always increases), fundamental forces in Nature get order to increase
(forces, open to energy, global macro-entropy over a long period of
time decreases). Why this is so seems like a paradox; subtle and
beautiful, only what the seemingly divine would do.
Physical systems are forced into higher complexity states all the time,
that is, entropy decreases , and information is congealed. Forces in
Nature like gravitational energy reshapes the atoms, planets and galaxies.
Einstein would say that gravitational forces are caused by space-time
itself. The atoms like silver and gold are created inside the core of
stars because Nature (as described by the law of entropy) has eliminated
certain states where energy could propagate. The law of entropy works
inside of stars and black holes. It is this seemingly divine
paradox that leads to complexity.
Inside the core of stars, the energy density is extremely high, but
information states must be moderated by entropy. A rise in energy
does not mean a proportional rise in information. Although the energy
is great inside of stars, the law of entropy says that the number
of states cannot be proportionally as high. The creation of states
is suppressed by the law of entropy. So inside of stars there are
essentially only states of high energy matter. The complex atoms
like gold that's created in stars is a consequence of this.
The electron is small in mass or energy compared to a proton which
are attributes of atoms. I think of the elementary particles inside
the atom as attributes of the atom, that is, an atom is a whole
unit. The electron is much harder to isolate than the proton because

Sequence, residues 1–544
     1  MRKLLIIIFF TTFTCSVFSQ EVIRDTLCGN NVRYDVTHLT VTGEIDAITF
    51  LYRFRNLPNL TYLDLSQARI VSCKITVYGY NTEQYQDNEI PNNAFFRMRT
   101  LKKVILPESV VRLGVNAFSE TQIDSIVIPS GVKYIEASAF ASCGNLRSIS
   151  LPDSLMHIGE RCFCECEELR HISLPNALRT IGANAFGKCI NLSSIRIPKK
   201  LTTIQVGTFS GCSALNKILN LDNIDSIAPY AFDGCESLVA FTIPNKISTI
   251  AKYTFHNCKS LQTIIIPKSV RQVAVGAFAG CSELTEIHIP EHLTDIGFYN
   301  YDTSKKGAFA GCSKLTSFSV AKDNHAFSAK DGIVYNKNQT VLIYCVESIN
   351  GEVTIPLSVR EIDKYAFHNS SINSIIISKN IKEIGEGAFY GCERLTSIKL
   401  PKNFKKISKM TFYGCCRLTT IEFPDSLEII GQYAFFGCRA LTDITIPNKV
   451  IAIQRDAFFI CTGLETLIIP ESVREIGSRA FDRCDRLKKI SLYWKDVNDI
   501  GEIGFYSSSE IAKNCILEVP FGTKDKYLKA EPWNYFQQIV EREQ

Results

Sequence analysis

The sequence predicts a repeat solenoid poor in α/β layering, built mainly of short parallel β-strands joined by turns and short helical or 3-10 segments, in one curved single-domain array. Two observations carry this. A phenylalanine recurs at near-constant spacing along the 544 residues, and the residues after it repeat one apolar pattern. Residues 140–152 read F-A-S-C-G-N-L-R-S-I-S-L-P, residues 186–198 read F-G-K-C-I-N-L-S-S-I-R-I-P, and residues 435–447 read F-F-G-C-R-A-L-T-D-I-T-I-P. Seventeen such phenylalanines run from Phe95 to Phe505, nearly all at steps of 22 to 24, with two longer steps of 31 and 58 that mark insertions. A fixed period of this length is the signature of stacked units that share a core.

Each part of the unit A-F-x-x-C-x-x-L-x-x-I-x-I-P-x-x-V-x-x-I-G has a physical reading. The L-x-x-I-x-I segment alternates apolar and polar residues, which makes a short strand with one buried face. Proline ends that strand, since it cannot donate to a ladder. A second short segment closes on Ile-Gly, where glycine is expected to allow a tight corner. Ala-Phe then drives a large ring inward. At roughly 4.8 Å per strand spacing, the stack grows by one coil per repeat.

it has so little energy. If you're trying to measure the electron
around the atom, it would be dispersed in a relatively wide area
around the center occupied by the proton. A stationary outer electron
of the atom (in quantum mechanics this means a coherent electron with
nearly zero energy) could be dispersed over an enormously wide area
orders of magnitude away from the center (in the atomic world it's
better to give really rough descriptions if you cannot make an exact
measurement). Whenever you move away from the center of energy,
complexity falls and uncertainty increases. This is another consequence
of entropy, information and the uncertainty principle.
For awhile, I carried around a book  written by David Bohm. In the
beginning of this book, chapter 1 on Fragmentation and Wholeness, he
The new form of insight can perhaps best be called
Undivided Wholeness in Flowing Movement. This
view implies that flow is, in some sense, prior to that
of the 'things' than can be seen to form and dissolve
in this flow. One can perhaps illustrate what is meant
here by considering the 'stream of consciousness'. This
flux of awareness is not precisely definable, and yet
it is evidently prior to the definable forms of thoughts
and ideas which can be seen to form and dissolve in the